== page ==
I decided at the last minute to buy a third bottle cage in Bishkek (I had brought a third bottle in my luggage), and the cage broke on day 3 on the relentless washboard roads. So I had to improvise on storing that third water bottle for the rest of the race. The filter worked relatively fine until day 4 or 5. I’m still not sure if the filter clogged up, or my hands were too cramped from holding onto the handlebar (you need to squeeze the Trailshot to make it pump, I know nothing about milking cows but I can imagine it’s kind of like milking a cow).
Filling up three water bottles would get very slow. So more and more I’d scoop water straight from a stream when it seemed like there weren’t any cattle above. I was pretty fine for water for most of the trip, the only section that was very dry was in the south-western corner of the course, where you hit the tarmac going into the border control zone. I went for 50-60 kilometers running on a few sips. I should have asked for water at the checkpoint, but forgot. Right when I started losing hope (I was already flagging down trucks, but they wouldn’t stop), I passed over a trickle of a stream that went under the road. After that, I was good again.
SILCA: So when you need to find drinkable water in the most remote areas in Kyrgyzstan, what are the key things to pay attention to in order to stay safe?
"I used a number of Chlorine Dioxide purifier tabs throughout the trip." - Jon Woodroof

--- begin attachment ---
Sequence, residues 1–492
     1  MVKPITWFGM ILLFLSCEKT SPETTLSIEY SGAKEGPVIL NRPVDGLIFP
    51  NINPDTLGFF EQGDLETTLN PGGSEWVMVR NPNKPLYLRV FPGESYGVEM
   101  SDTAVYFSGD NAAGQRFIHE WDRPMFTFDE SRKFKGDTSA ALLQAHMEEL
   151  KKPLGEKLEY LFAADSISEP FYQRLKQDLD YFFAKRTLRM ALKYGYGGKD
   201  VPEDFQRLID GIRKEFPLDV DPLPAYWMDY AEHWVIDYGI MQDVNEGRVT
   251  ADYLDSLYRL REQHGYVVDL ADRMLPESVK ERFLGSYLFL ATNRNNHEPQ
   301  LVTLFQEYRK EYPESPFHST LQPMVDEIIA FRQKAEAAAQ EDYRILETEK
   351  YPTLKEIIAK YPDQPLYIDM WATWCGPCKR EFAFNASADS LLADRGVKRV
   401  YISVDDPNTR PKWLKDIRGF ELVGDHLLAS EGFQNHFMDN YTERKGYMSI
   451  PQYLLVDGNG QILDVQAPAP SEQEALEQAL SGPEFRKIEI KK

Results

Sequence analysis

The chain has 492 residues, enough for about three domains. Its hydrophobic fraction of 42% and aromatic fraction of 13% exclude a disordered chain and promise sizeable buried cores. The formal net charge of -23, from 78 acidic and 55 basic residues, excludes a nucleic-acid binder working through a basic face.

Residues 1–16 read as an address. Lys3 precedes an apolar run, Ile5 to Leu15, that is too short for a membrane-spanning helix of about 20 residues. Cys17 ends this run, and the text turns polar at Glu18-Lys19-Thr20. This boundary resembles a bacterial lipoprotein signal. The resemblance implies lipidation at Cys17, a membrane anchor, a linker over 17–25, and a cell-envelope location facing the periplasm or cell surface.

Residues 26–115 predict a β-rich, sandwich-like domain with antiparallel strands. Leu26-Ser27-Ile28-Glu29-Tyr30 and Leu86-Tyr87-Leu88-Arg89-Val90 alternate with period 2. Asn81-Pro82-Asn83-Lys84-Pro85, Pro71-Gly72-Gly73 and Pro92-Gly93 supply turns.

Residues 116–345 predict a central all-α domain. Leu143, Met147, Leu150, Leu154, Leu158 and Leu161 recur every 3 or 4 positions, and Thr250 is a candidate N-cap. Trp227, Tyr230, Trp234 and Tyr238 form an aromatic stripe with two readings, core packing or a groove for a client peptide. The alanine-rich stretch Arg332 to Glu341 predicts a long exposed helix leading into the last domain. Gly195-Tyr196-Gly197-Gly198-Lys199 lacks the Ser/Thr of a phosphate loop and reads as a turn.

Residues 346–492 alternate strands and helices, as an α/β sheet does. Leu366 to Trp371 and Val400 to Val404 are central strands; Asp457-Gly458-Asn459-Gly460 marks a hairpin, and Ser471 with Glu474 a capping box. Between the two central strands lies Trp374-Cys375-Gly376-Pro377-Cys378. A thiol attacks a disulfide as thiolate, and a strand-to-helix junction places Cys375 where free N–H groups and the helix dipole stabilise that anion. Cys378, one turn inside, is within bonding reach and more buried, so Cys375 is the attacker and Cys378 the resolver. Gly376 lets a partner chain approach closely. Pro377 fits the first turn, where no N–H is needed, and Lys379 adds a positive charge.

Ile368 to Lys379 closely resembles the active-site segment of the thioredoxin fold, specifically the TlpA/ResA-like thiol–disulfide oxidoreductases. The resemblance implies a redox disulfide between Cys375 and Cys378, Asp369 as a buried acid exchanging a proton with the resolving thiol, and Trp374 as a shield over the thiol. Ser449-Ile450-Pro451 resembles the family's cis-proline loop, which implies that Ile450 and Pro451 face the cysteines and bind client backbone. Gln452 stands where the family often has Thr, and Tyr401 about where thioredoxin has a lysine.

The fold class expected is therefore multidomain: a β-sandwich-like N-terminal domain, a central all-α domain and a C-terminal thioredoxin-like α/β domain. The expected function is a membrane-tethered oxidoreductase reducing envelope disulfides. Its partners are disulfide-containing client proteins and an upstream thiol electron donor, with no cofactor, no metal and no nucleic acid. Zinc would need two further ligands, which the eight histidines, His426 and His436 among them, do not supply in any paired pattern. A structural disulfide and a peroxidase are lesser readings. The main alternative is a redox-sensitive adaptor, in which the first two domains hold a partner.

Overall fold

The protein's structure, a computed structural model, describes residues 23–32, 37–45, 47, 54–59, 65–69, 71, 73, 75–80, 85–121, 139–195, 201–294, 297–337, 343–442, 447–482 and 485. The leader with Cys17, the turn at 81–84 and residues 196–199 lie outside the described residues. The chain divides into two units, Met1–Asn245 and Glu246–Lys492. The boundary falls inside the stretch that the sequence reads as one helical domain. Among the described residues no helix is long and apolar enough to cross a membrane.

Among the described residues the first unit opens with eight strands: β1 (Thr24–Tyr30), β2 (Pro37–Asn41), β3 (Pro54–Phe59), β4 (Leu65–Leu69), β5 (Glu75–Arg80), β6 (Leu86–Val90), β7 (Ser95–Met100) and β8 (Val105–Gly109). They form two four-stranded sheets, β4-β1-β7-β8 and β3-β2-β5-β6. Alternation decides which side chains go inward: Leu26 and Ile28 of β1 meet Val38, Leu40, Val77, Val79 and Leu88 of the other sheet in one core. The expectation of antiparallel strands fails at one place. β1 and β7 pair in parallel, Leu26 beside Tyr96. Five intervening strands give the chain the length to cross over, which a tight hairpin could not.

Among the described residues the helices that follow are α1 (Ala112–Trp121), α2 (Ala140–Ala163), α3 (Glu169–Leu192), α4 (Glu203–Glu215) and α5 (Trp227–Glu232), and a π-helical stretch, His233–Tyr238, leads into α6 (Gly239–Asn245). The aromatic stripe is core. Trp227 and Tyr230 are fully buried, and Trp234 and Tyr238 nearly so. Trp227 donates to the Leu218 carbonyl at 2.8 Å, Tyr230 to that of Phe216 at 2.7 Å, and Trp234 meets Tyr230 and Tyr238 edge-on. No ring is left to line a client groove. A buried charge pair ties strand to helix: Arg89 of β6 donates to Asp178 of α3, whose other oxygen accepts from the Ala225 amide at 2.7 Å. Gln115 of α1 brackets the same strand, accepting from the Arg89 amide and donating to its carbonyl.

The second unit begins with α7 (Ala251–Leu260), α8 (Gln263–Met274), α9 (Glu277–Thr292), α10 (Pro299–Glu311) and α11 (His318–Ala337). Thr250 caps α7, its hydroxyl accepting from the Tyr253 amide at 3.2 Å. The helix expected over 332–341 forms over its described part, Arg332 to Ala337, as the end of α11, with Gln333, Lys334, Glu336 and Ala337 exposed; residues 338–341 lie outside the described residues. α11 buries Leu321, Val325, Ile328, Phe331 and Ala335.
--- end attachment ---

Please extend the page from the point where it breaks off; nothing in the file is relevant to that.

Jon: Initially, I was quite paranoid and would filter with a Sawyer mini water filter; but, was envious of the MSR pumps I saw. (haha) A lot of people commented on how the filters clogged up after a few days and the amount of water that would come through slowed down. You would have to flush and clean them much sooner than normal out there. That being said, once you got higher in the mountains, I got more audacious about not filtering. If I was in a rush and didn't filter, but wasn't totally confident. I used a number of Chlorine Dioxide purifier tabs throughout the trip.
"I was filling up my bottles and only by the second bottle I noticed that there was a decaying goat in the stream only three meters upstream from me." - Bas Rotgans
Bas: I guess you want the water to be as clean as possible, but it’s almost impossible to tell how clean it really is... So I stuck to running water in streams (no still-standing puddles). I tried to pick a stream that didn’t have animals grazing above me, and filtered all my water. Having said that, at one point, I was filling up my bottles and by the second bottle I noticed that there was a decaying goat in the stream only three meters upstream from me. I didn’t touch that bottle again until I had a chance to wash it out in one of the towns we went through. If I were to go again, I’d bring some purification tablets as a backup to a filter. I would also get more acquainted with how my filter works and being able to troubleshoot it when it clogs up.
Learn more about how to stay hydrated and prevent dehydration from Skratch Labs here.
Be sure to check out our bottle cages,
SICURO Ti and SICURO Carbon.